The computation of the total capital cost of the property to be included in new Class 14.1 is important for determining the amount of gains and recapture that might be incurred by a taxpayer in the future. However, the total capital cost of the property to be included in new Class 14.1 is not required to be calculated at the beginning of 2017 to be able to determine the amount of CCA that may be claimed going forward, as the UCC of the property in Class 14.1 will generally be deemed to be equal to the corresponding CEC of the taxpayer at the beginning of January 1, 2017. (Special adjustments to the capital cost of property placed in new Class 14.1 may arise if the taxpayer has a taxation year that straddles January 1, 2017 (a “Straddle Year“), and the taxpayer receives an eligible capital receipt in the Straddle Year, yet before January 1, 2017.)
Second, the transitional rules contain elective provisions that will generally permit taxpayers to allocate the cumulative capital cost of their ECP among each such property for the purposes of determining the capital cost of each ECP on January 1, 2017. Specifically, taxpayers will be permitted to designate the order in which the capital cost of each of their eligible capital properties (other than goodwill property) will be determined. Once an order is determined, the capital cost of each particular eligible capital property on the list will be deemed to be the lesser of (i) the ECE that the taxpayer originally made in respect of the particular property, and (ii) the amount by which the cumulative capital cost of all ECP of the taxpayer exceeds amounts previously allocated to the ECP of the taxpayer further up the taxpayer’s list. The net result of this ordering rule is that taxpayers will be permitted to set the capital cost of particular ECP at an amount up to the original expenditure made to acquire such property, subject to the cumulative capital cost of all of its ECP equalling 4/3 of its CEC and its past deductions in respect of CEC that were not recaptured. The capital cost of a taxpayer’s “goodwill property” will, by extension, effectively represent the residual capital cost of its ECP after capital costs have been allocated to all of the other ECP of the taxpayer. If a taxpayer fails to designate an order of allocation for its ECP, the Minister of National Revenue (the “Minister“) is permitted to designate an order.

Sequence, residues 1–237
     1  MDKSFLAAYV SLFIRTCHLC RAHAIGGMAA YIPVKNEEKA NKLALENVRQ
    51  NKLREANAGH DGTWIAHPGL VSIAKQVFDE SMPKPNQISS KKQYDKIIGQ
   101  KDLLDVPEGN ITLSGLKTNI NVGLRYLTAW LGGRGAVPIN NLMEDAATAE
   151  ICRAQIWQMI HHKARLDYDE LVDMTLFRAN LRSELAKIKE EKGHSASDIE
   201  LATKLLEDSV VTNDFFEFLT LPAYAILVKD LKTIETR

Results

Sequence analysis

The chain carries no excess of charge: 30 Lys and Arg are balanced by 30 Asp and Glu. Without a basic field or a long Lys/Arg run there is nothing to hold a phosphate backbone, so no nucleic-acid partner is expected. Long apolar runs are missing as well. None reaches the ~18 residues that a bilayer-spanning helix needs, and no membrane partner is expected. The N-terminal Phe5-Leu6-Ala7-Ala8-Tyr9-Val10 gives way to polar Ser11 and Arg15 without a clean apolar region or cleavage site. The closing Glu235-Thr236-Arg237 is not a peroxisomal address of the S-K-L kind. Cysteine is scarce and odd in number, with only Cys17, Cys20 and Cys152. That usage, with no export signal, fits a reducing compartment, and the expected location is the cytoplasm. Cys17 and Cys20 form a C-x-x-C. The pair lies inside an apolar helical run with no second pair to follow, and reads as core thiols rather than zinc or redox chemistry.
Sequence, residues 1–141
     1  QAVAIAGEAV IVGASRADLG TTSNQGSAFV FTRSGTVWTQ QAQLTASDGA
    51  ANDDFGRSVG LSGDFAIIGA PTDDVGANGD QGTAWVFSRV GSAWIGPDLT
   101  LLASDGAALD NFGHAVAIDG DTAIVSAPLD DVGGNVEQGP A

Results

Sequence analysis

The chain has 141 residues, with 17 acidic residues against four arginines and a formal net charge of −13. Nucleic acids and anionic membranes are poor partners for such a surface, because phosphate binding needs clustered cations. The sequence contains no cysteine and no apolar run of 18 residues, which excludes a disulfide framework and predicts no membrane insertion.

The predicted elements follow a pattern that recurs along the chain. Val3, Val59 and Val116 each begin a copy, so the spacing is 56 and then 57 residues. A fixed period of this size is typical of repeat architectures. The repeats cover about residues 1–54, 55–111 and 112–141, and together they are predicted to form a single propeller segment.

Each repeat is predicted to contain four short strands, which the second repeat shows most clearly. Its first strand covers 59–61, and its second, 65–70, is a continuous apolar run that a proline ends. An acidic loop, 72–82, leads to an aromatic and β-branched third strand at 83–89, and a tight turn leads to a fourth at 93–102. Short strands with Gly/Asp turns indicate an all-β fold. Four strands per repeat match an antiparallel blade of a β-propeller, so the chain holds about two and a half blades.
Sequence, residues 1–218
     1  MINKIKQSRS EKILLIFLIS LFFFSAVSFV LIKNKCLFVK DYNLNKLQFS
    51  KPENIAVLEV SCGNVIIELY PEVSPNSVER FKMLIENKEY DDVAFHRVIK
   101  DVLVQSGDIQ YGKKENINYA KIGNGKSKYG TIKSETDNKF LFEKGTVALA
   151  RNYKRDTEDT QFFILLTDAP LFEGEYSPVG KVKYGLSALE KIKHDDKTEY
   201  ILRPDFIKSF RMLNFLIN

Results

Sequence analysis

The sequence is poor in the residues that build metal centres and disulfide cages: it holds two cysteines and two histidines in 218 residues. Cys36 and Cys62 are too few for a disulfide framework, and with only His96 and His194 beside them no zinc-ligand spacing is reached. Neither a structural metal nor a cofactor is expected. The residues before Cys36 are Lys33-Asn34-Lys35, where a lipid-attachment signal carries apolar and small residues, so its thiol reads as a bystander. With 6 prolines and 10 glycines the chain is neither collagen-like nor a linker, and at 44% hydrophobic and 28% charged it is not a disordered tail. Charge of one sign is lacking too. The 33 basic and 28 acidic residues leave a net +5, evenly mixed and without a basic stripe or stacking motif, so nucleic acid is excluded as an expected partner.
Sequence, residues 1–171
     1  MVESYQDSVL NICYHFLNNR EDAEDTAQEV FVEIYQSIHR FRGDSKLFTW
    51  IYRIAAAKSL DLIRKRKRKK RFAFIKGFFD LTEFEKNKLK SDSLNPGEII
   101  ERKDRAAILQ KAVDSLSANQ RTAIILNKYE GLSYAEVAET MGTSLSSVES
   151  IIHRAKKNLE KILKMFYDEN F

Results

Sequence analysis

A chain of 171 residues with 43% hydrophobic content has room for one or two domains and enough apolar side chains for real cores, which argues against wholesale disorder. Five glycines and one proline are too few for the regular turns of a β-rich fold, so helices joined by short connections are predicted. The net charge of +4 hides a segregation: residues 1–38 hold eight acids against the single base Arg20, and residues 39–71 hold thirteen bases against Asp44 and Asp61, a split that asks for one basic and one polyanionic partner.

Third, the transitional rules include a deeming rule that will generally deem the UCC of the property in new Class 14.1 to be equal to the CEC balance of the taxpayer at the beginning of 2017. The difference between the total capital cost of the property in Class 14.1 and the CEC balance of the taxpayer at the beginning of 2017 will be deemed to be CCA claimed by the taxpayer in respect of its Class 14.1 property. The deemed CCA claimed in respect of Class 14.1 will be relevant to determining the degree to which CCA may be recaptured on a subsequent sale of Class 14.1 property.
As noted above, the transitional rules contain special elective provisions that deal with circumstances under which a taxpayer has a Straddle Year and the taxpayer disposes of ECP in the Straddle Year, yet prior to January 1, 2017. Under such circumstances, the amount by which (i) the CEC balance of the taxpayer would be negative (if the taxpayer’s taxation year had ended at the end of 2016), exceeds (ii) the deductions previously claimed in respect of ECP will be deemed to be a capital gain, rather than an income inclusion, unless the taxpayer elects with the Minister before the taxpayer’s filing-due date for the relevant taxation year for the amount to instead be included in computing the income of the taxpayer from a business or property. The taxpayer will also be permitted to elect to offset any capital gain or income inclusion by the amount of goodwill or other Class 14.1 property acquired by the taxpayer subsequent to January 1, 2017, but prior to the end of the Straddle Year. In this regard, the transitional rule will operate in a manner consistent with how the ECP regime has historically operated to allow taxpayers to defer income inclusions in respect of a gain on the sale of ECP where new ECP is acquired prior to the end of the relevant taxation year.